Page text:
Unmet care needs, care provision and patient satisfaction in patients with a late life depression: a cross-sectional study

Frans Clignet*, Wim Houtjes, Annemieke van Straten, Pim Cuijpers, Berno van Meijel

*Corresponding author for this work

Research output: Contribution to journalArticleAcademicpeer-review

Abstract

Background: Research has shown that some 30% of total care needs in people with late-life depression (LLD) are unmet. It is not known to what extent patients actually don't receive any care for these needs or consider the care to be insufficient and their satisfaction with the provided care. Aim: The aim of this study is to obtain insight into the care provided in relation to the reported unmet care needs and satisfaction with the total care provided is examined. Method: A cross-sectional study of 99 people with LLD in an ambulatory setting. Results: In 67% of patients, at least one unmet need was ascertained. In most cases (80%) care was actually provided for those needs by professionals and/or informal caregivers. Patients were satisfied with the care delivered for 81% of the reported care needs. Satisfaction was lowest for social care needs (67%). For six specific care needs it was demonstrated that dissatisfied patients were significantly more depressed than satisfied patients. Conclusion: Even though patients might receive care for certain needs, this does not mean that their needs are met. A substantial proportion of patients with LDD feel that they need additional help for unmet needs.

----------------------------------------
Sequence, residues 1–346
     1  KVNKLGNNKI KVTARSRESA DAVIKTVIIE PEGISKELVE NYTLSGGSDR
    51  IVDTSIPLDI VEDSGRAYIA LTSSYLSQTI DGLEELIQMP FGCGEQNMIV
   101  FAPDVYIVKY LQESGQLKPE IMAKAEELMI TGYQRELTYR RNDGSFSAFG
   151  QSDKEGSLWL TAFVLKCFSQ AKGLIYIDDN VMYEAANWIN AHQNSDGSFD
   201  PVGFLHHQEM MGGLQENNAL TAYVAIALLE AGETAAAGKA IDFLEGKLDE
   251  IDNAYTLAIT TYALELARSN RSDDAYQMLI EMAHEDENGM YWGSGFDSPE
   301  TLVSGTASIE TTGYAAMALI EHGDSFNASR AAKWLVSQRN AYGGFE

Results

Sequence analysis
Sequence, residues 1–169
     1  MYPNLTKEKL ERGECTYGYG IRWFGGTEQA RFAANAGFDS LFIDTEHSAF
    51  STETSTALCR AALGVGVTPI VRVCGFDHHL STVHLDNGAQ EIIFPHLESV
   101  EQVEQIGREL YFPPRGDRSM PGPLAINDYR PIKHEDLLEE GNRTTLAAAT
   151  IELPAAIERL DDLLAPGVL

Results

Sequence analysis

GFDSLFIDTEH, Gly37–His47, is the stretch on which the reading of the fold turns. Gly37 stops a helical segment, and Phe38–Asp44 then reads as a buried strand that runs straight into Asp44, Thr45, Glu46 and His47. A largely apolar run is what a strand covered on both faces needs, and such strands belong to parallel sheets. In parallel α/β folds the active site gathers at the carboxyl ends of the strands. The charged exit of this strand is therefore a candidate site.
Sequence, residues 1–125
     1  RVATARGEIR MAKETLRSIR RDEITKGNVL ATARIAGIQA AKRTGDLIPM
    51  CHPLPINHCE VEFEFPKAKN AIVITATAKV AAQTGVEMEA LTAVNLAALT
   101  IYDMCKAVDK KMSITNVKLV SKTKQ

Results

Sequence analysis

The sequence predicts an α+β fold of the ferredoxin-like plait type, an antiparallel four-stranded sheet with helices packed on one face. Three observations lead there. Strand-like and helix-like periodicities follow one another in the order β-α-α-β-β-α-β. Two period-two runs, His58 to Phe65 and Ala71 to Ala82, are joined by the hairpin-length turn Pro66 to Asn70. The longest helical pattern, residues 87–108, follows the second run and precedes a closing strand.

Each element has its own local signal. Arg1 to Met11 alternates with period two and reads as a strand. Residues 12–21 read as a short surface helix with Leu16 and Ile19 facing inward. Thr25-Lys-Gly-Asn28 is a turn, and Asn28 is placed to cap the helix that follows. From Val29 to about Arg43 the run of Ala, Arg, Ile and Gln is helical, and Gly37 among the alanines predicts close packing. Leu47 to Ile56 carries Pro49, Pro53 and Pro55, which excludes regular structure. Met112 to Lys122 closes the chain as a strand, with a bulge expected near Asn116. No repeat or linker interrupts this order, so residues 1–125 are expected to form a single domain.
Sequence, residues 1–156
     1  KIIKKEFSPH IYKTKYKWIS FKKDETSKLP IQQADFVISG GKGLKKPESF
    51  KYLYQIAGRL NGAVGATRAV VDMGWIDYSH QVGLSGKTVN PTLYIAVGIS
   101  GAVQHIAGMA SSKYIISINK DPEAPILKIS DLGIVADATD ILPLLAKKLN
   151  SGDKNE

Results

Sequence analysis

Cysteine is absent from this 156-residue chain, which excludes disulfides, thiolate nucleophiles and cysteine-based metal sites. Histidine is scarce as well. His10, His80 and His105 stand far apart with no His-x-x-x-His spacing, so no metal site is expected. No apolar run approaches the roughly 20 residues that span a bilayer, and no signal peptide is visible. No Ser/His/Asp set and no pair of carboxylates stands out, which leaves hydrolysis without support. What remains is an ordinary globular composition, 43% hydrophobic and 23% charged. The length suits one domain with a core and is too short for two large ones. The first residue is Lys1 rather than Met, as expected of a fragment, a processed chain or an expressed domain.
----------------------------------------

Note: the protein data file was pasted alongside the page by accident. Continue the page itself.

Original languageEnglish
Pages (from-to)491-497
Number of pages7
JournalAging and Mental Health
Volume23
Issue number4
DOIs
Publication statusPublished - 3 Apr 2019

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